I haven’t known if I should live or die
But majority of his pain, resulted from losing his mother. He writes:
“I lost my mother too soon. She was taken from me. Robbed from me. Murdered. Murdered in the worst way you can imagine."
“The night she died, I saw her taken away. I was eight years old, pounding on the windowpane, yelling for help, but nobody believed what I saw. There was nothing I could do. And so she died.
He told Sports Illustrated in 2002 what he saw:
He doesn't know if it was the headlights or the sound of her screaming that woke him, but what Johnny Tapia does know is what he saw from his room—his mother, bound by chains, in the back of a pickup truck driving past the house. The eight-year-old boy, who never knew his father, was about to lose his mother.
Police in Albuquerque say that Virginia Tapia died on May 28, 1975, five days after leaving a bar with a man—never apprehended—who would stab her 26 times with scissors and a screwdriver, nearly sever one of her breasts and dump her body in a gravel pit.
Told his father was shot dead when his mother was pregnant with him, now orphaned, Tapia was brought up in poverty by uncles who sold him into illegal prize fights.
According to the Daily Mail, he survived a bus crash which killed the woman sitting next to him, escaped a drive-by shooting and almost drowned trying to swim the Rio Grande for a bet - although he could not swim.
He adds: “And I’ve been blue ever since. And ever since, I haven’t known if I should live or die. That’s the honest truth. That’s the only way I can say it. As long as my mother’s in heaven, there’s a calling for me to go.”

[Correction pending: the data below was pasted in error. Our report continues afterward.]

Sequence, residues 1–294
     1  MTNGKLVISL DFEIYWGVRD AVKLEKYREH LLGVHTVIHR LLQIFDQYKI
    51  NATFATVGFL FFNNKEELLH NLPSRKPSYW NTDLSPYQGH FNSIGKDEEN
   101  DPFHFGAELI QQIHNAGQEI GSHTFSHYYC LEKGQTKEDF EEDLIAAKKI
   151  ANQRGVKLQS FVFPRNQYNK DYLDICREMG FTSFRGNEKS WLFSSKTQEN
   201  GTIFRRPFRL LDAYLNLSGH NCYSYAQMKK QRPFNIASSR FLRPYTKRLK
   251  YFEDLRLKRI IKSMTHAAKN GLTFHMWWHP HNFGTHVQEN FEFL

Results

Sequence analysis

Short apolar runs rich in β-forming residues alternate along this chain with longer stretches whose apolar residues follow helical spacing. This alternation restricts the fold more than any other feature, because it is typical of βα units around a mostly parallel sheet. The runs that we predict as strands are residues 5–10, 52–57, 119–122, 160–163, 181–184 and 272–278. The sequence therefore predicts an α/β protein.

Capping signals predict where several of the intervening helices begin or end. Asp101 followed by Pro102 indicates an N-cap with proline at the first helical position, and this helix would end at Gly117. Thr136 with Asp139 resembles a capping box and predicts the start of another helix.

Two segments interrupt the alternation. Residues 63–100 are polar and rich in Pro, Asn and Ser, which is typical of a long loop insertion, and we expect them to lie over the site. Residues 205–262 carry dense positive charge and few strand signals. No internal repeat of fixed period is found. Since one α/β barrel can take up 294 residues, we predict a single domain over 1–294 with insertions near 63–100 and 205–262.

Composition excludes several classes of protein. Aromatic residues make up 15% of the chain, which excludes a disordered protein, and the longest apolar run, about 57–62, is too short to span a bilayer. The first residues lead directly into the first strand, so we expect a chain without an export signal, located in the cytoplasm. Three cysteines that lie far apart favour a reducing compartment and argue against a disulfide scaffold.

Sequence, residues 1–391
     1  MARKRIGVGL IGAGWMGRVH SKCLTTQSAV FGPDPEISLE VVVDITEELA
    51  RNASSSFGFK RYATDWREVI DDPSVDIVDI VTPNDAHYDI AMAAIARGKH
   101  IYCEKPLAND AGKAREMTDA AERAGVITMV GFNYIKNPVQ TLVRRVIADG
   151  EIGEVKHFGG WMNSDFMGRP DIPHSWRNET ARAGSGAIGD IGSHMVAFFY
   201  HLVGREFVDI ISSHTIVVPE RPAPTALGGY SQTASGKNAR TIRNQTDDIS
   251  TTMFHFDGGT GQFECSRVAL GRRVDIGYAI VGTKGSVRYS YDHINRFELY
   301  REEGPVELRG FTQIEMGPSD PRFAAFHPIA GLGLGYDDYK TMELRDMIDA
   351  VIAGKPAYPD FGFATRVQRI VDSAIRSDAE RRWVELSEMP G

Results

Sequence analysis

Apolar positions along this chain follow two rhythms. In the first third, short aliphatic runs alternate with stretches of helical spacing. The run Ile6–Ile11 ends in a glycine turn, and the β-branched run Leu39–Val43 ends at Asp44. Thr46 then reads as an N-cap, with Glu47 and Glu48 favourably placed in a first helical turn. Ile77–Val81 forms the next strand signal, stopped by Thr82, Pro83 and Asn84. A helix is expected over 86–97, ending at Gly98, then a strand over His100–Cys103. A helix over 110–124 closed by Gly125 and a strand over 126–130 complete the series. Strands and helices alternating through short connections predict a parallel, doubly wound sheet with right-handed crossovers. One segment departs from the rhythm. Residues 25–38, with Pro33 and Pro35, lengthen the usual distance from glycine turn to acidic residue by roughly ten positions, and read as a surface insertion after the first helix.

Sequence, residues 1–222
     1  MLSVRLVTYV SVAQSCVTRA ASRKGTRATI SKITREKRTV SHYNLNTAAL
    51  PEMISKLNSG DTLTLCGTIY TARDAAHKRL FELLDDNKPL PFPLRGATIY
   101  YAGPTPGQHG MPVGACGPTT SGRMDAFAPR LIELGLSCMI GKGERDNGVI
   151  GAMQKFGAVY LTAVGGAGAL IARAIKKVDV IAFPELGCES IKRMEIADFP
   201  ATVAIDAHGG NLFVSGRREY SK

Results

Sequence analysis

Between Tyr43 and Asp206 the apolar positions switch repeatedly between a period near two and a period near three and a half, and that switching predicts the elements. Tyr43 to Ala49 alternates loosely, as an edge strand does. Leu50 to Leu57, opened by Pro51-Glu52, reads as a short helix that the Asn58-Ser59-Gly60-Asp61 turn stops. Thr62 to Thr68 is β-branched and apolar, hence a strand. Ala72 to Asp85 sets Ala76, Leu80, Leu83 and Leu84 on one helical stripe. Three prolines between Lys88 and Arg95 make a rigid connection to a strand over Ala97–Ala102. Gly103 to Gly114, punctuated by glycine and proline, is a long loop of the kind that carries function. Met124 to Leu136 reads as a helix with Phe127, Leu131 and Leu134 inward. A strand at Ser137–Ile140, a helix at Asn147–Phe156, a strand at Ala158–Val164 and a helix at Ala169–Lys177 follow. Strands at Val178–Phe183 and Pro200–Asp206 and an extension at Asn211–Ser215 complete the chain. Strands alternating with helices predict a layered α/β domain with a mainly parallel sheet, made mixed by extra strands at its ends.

Survivor guilt has overwhelmed Tapia, Boxing Monthly writes. As a result, when "he's using drugs and drinking, I don't think of it," he said.
I killed them both
He also felt responsible for the deaths of his brother in law and nephew. In 2007, when he was hospitalized after a cocaine overdose, the next day, his brother-in-law, Robert (Gordy) Gutierrez, 39, and Tapias' nephew Ben Garcia, 23, were killed in car accident while rushing to his bedside.
Teresa Tapia told SI that Johnny should be the one who's dead, and that he's to blame. "I hated him," she says. "I wished it was Johnny because my brother wanted to live and be a father and a part of our lives, where Johnny had always wanted to go, to die. I felt a lot of anger and resentment and guilt—and still do. If I would've been a stronger person or colder and didn't care what happened to Johnny, I would've left him years ago. Then my brother would be here."
"It's my fault," Tapia agreed. "I killed them both."
Marriage forged in hell
"Welcome to the marriage forged in hell," SI writes in 2008. On Teresa's wedding night, she came upon her new husband plunging a needle into his arm. He took the wedding cash, then dumped her in a seedy hotel. The next morning, Teresa says, "they had to jump-start his heart, resuscitate him; he was dead in my car. It was all downhill after that."
One more screwup and we're done, SI reported. She says she'd already be gone were it not for her husband's ultimate snare.
"If she left, I'd end my world," Johnny says. "In a heartbeat."
More about Johnny Tapia, WBA, cocaine overdose, Boxing
More news from
Sports Video
Latest News
Top News